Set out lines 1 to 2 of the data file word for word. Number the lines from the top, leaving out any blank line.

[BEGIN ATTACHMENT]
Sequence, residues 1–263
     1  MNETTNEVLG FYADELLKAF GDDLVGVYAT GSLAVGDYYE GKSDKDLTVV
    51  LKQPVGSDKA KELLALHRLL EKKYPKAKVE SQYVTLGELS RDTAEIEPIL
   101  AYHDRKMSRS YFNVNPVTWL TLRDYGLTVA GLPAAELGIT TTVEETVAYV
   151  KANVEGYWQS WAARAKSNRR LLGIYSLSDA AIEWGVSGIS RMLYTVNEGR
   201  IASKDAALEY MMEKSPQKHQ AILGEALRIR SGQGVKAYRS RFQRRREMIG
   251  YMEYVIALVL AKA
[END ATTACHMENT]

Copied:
Sequence, residues 1–263
     1  MNETTNEVLG FYADELLKAF GDDLVGVYAT GSLAVGDYYE GKSDKDLTVV